As many of you likely know, I have done Murph for the last 9 Mondays as part of a
fundraiser (Murph for Meals) for Meals on Wheels Chapel Hill and CORA Food Pantry.
Thanks to all of you who have donated! If you would like to help feed folks in the area,
please check us out at Go Fund Me – Murph for Meals.
I have learned a ton about doing Murph during this endeavor, and thought I would share
those lessons, as you prepare for Memorial Day!
Murph is hard on the body and the mind. Show up ready. Doing Murph tired and/or hung
over sucks. Treat yourself right on Sunday, do a little extra stretching/mobility and get a
good night’s sleep.
On Monday morning, make sure you leave yourself plenty of time to get a nice warm-up –
stretch, jog a bit, pick the music you’ll be listening to (using headphones on the mile run is
advisable), decide where you are going to do your pull-ups, push-ups and squats. Don’t
come back from the run and try to figure this out – you want to be able to get right into your
first round of work. Have a way to count your rounds – I promise you will not remember
where you are in the workout once you get moving. I use chalk and make a line on the
ground for each round I finish. Chalk lines on the rig that you can erase as you go is easy,
and you will know how much work you have left.
If you are doing partner-Murph, know who your partner is and make sure you are on the
same page with your plan of attack. Communication is paramount. You make your “money”
with quick transitions, so always be talking, and ready to start the next movement
immediately after your partner finishes.
The first step in planning is to understand what you are trying to accomplish. Are you
trying to hit a specific time? Trying to beat last year’s PR? Or are you just trying to finish?
If you are chasing a time, lay out some “mile markers” – how fast do you want to run the
first mile, when should you get to halfway, when do you want to leave for the final run.
Make sure you have a clock you can see, or someone to update you on your time. Don’t
forget the second half of the workout will likely take you longer than the first, so take that
into account when you make your plan.
If you are not chasing a specific time, don’t bother looking at the clock until you finish. The
clock is going to keep ticking, and will get into your head. Just go out and do the work, and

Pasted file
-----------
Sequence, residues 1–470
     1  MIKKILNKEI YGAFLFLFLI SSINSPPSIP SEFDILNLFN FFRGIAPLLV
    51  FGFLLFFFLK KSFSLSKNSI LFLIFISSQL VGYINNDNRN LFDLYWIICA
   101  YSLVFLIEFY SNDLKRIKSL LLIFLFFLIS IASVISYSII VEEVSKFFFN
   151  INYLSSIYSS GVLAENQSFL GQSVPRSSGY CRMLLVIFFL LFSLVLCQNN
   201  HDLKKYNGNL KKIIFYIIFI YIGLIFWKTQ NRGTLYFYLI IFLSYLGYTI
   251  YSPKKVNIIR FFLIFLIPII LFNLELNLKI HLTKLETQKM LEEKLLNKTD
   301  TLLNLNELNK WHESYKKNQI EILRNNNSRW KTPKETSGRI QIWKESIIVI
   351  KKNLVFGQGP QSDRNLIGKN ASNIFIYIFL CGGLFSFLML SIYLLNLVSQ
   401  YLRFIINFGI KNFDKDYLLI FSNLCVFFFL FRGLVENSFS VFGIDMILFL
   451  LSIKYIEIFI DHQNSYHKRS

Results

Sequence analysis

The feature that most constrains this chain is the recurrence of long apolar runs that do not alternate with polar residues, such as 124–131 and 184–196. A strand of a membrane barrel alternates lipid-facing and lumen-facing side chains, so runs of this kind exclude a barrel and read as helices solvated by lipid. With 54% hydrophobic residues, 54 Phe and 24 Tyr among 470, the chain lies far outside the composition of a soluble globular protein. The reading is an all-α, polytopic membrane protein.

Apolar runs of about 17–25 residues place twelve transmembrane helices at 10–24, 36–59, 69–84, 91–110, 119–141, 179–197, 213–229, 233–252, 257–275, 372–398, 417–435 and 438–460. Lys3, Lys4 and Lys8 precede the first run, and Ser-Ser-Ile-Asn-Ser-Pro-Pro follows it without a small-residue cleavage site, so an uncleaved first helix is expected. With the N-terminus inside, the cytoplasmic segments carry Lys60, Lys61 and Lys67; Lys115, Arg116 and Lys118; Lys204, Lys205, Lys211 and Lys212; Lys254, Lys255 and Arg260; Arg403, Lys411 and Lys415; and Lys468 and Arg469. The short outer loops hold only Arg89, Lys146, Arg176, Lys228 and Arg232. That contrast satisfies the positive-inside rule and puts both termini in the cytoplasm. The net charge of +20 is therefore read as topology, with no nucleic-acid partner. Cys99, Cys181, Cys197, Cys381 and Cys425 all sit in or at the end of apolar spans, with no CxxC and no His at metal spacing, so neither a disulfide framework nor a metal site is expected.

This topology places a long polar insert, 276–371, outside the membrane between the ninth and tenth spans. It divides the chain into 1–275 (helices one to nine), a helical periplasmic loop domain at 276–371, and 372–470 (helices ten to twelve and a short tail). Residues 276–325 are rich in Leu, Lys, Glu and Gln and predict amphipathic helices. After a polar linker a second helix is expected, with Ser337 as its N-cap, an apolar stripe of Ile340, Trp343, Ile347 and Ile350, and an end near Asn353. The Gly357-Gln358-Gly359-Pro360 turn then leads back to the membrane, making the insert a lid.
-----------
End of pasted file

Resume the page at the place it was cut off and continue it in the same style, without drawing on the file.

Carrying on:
you’ll know your time at the end of the workout.
I reward myself with “scheduled breaks” and allow myself to grab a quick drink and chalk
up after specific rounds. This avoids constantly stopping during the wod.
How you break Murph down depends on your personal strengths. If you are a good runner,
take advantage of that and know that you might be slower during the “calisthenics” but will
make your time up during the miles. If you are a slower runner, accept that and try to be
faster in the middle part of the workout. You are not going to magically become a 6-minute
miler, or string together butterfly pull-ups, for the first time on Memorial Day.
The key is finding a pace you can stick with. You want to spend as little time as possible
resting, so go into the workout with a plan that works for you. KEEP MOVING, even if that
means breaking the work into bite size pieces.
Push-Ups are the limiting factor in Murph. Divide up the work based on how many
unbroken push-ups you can do consistently. If you are wearing a weight vest, this might be
less than usual. Once the push-ups go away, the suffering really begins. Here are some
ways to break the work up, which give you push-up options.
A) 20 rounds of Cindy – 5 Pull-Ups, 10 Push-Ups, 15 Squats (I do this, but in most
rounds I do 10 squats, take 2 steps back to the pull-up bar, then do the last 5).
B) 20 rounds of 5 Push-Ups, 5 Pull-Ups, 5 Push-Ups, 15 Squats (more transitions, but
breaking the push-ups into 5’s keeps you moving)
C) 10 rounds of 10 Pull-Ups, 20 Push-Ups, 30 Squats (not for beginners!! Less
transitions, but way more pain)
D) 50 rounds of 2 Pull-Ups, 4 Push-Ups, 6 Squats (I think there are too many
transitions, but some folks believe the advantage is you will never have to stop)
E) Unpartitioned – 100 Pull-Ups, 200 Push-Ups, 300 Squats (not for the faint of heart,
or anyone wanting to do anything else for a week!)
The final mile is going to hurt. Period. Keep putting one foot in front of the other and
remind yourself it’s almost over! Your body is capable of more than your mind, so don’t
listen to the voices telling you to slow down, or walk. Try to sprint up that hill to the finish
line, it’s worth it.
The first thing you should do when you finish Murph (and can breathe again) is
“carbohydrate replacement therapy.” That’s right drink a beer. You just finished Murph –
you deserve one. Great job!
As exhausted as you will be, stick around to stretch a little and cool down correctly. Murph
is gonna beat you up, and you need to start the recovery process immediately. An Epsom
Salt bath is a really good idea as well; it really helps the muscles start to loosen up. Taking
Tuesday off is probably a good idea too.
Take pride in the fact that you have participated in one of the oldest CrossFit traditions, and
congratulate yourself for a job well done